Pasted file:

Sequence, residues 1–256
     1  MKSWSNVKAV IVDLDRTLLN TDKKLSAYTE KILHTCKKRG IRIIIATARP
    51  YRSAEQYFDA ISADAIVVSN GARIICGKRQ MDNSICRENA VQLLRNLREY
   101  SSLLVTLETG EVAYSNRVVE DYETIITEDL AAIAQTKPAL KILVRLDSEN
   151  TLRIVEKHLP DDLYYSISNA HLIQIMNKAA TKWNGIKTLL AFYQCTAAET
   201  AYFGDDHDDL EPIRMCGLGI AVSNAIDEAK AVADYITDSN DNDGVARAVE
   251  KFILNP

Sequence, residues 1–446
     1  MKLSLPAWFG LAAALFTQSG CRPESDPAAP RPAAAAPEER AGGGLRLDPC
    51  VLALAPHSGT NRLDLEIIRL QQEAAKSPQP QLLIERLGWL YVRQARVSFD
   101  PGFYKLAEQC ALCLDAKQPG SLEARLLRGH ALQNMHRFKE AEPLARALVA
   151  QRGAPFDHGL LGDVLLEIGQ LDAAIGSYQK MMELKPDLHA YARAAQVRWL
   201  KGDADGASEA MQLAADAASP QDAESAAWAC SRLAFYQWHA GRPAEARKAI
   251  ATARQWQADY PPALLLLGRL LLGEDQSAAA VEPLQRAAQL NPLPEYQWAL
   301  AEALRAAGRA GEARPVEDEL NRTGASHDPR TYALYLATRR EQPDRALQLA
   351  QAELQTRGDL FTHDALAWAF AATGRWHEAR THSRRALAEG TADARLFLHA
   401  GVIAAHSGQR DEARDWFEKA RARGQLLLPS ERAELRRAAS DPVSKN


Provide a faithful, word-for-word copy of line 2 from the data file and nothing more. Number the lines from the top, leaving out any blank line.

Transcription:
     1  MKSWSNVKAV IVDLDRTLLN TDKKLSAYTE KILHTCKKRG IRIIIATARP